CRESTON - Creston Community High's principal says he's disappointed in the actions of his students, but he's not the only one.
The community is thinking twice about recent incident with the KKK photo. They're hoping it won't be something that labels the community.
"That's really disrespectful. I can't believe someone would do something like that," said Creston resident Michael Evans.
Evans first saw the picture when we showed it to him and he wasn't aware that something like this happened in the small town. He says the "joke" took it too far.
"That's not a funny joke at all. I actually have a lot of multiracial friends and stuff like that and that [picture] offends me. It's highly disrespectful in my opinion," said Evans.
Creston High Senior Bailey Hopkins agrees. She said she heard that it was supposed to be a joke.
"I just don't see how that's something you could joke about," said Hopkins.
She was shocked that someone from her own school would do something that's offensive and instills fear in others.
"I really hope that it's not what people see our school as, because there's a lot of people who are upset and a lot of people who are hurt and angry, that I don't want that to represent what our school is," said Hopkins.
The principal of and administration are now trying to find answers. They interviewed the students in the picture and say they admitted their actions.
"I think that people were stunned. I think the same theme is that this isn't us. This isn't something that even remotely represents Creston Community High School or community in general," said Principal Bill Messerole.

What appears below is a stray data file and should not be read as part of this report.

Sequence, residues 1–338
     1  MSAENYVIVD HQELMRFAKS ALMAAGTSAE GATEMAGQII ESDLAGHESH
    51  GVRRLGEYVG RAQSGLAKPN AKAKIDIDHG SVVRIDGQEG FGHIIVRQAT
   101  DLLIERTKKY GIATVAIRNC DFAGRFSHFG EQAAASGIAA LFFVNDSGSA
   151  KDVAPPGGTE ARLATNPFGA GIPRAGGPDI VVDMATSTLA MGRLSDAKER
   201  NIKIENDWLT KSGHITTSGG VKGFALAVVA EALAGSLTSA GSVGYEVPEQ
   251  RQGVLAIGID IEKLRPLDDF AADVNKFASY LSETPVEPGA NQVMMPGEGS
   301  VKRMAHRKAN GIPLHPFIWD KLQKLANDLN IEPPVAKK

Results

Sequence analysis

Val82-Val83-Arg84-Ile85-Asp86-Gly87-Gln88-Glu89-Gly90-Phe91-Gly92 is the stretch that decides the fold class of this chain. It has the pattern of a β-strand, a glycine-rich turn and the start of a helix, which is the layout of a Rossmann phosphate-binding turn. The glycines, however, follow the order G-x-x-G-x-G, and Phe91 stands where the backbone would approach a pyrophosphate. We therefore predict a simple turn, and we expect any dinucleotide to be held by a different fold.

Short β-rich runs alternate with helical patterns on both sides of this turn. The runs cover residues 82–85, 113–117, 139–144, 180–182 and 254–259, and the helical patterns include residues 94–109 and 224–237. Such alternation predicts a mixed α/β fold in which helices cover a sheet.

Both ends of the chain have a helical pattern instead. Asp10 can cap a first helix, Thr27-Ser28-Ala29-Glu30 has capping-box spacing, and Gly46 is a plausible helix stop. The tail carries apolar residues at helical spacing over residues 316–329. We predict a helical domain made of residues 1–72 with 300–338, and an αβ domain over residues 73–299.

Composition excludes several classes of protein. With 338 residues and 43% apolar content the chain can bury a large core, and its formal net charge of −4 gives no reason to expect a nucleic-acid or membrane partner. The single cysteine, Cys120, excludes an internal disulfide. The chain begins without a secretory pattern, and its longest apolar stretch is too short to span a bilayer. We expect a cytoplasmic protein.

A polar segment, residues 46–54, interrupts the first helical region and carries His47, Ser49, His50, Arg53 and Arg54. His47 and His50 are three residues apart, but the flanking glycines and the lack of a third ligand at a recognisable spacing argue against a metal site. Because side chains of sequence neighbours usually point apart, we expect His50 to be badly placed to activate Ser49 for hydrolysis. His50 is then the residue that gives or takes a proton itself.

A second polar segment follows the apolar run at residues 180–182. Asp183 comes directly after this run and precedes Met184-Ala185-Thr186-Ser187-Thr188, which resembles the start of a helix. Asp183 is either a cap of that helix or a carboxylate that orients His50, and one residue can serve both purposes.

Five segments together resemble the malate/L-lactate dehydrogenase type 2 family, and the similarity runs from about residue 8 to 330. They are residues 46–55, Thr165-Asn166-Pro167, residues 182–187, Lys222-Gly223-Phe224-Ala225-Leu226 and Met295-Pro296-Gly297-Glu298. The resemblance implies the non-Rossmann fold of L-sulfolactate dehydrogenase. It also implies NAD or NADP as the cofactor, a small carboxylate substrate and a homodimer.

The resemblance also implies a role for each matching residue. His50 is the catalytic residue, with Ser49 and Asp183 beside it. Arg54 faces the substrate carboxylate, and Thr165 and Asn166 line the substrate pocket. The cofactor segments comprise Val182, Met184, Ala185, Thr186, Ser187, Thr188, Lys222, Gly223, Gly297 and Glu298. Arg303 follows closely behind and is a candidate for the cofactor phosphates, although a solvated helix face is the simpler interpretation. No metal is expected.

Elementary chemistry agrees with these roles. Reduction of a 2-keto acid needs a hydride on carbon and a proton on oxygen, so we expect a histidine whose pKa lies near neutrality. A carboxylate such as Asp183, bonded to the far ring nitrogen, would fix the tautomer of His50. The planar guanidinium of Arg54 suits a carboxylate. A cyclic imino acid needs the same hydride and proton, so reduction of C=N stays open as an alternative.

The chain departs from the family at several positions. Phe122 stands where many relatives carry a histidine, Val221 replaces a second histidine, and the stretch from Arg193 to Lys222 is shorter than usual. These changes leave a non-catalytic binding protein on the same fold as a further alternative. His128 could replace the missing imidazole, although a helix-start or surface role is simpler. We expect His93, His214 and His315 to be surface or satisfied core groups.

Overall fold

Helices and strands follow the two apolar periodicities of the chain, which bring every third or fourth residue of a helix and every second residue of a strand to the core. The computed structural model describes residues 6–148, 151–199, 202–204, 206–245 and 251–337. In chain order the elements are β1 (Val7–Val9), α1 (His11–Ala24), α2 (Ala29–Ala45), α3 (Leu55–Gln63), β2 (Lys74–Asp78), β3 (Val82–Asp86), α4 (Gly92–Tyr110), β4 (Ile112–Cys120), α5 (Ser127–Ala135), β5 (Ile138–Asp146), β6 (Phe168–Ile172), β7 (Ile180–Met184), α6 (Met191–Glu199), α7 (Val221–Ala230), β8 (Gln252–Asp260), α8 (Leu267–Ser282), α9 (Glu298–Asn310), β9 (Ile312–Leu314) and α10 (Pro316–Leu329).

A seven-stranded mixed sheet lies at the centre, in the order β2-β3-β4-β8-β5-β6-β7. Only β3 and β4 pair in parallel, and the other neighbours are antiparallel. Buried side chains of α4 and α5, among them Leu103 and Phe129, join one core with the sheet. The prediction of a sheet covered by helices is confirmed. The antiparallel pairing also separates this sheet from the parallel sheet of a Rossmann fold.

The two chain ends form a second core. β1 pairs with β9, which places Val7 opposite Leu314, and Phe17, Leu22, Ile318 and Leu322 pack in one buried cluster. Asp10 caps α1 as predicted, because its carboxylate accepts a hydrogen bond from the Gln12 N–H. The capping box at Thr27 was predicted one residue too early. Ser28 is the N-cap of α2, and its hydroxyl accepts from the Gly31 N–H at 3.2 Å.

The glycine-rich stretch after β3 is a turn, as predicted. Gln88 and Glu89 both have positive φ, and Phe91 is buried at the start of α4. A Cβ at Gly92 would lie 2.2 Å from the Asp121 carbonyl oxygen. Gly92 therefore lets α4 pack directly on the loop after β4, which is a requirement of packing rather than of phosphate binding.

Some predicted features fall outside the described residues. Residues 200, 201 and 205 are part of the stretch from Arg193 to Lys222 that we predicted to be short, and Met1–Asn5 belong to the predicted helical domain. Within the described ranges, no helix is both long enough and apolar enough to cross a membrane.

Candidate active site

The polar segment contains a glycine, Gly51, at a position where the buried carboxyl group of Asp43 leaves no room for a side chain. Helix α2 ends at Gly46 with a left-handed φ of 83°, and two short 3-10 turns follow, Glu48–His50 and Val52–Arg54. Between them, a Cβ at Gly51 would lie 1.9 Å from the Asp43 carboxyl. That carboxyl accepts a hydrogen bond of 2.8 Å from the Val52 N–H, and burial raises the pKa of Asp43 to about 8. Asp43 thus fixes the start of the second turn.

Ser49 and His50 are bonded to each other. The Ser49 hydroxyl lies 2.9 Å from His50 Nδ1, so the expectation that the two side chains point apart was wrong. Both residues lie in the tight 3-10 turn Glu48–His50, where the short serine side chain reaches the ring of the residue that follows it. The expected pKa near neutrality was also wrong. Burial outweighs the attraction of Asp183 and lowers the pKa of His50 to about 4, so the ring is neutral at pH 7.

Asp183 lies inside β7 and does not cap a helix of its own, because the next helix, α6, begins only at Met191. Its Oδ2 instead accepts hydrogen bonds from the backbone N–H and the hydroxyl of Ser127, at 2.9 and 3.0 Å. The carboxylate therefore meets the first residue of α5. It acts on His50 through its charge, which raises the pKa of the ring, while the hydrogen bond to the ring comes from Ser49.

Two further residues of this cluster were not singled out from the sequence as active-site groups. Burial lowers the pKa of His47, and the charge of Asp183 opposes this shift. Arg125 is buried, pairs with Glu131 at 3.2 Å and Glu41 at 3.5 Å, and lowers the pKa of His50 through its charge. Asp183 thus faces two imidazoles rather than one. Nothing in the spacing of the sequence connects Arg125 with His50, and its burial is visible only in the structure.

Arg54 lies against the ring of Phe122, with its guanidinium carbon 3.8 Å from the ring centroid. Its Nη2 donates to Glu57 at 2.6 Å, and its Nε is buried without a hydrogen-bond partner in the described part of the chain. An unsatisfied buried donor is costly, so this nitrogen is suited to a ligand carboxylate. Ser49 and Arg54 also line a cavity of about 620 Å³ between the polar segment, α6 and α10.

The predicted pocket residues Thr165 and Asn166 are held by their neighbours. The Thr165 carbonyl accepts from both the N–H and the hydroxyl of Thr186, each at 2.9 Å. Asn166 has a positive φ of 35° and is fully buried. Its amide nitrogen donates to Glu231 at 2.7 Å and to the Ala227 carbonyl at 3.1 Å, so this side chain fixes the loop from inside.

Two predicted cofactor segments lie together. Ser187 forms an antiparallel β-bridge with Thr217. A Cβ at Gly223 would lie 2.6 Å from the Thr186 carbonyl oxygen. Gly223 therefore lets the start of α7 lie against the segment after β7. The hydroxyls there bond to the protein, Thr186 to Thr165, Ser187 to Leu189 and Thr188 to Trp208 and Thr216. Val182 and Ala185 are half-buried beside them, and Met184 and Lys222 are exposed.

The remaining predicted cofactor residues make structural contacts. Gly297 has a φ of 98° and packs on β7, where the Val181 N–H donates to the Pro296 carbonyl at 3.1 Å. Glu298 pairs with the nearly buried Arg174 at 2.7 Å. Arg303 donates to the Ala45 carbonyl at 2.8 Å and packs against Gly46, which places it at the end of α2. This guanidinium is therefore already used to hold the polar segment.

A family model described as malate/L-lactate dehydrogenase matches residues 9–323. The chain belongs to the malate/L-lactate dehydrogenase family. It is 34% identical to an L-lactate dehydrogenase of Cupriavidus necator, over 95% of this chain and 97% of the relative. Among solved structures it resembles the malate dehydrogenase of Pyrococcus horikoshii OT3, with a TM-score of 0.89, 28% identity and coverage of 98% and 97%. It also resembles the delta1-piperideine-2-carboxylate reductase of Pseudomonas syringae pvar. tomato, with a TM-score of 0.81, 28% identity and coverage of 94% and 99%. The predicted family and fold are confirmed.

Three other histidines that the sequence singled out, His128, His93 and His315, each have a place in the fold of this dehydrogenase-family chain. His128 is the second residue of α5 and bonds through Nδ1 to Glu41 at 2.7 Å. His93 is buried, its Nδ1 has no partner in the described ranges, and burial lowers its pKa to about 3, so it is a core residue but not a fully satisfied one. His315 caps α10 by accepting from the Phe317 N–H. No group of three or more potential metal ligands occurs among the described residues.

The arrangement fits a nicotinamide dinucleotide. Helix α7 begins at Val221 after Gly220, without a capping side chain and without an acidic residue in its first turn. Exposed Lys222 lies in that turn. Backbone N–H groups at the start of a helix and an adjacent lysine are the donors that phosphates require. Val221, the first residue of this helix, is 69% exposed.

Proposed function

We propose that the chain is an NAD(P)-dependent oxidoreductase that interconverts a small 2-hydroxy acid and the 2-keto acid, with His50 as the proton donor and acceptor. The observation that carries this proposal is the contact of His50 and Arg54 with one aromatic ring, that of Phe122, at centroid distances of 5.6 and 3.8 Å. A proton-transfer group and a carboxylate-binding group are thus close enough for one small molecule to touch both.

Local 5 still does not know the student's names, but according to the principal, the kids have been disciplined.
One Creston basketball player says it's too little too late.
"They're actually some of my friends, but I just lost all respect for them. I don't want anything to do with them anymore, I'm done with them," said Austin Bloyd.
The school has been making sure to check in with their students specifically students of color. Austin says as a student of color, he feels personally attacked.
"I've gotten so much support and love through my classmates and teachers. They're just making sure that I know that they have my back and I can go to them if I need anything," said Austin.
Austin says moving forward, he'll be making sure he knows who his friends are and surround himself with people that will have his back.
For now administrators will be making sure all their students feel safe coming in and out of the school and the right disciplinary action is taken for other incidents like these.
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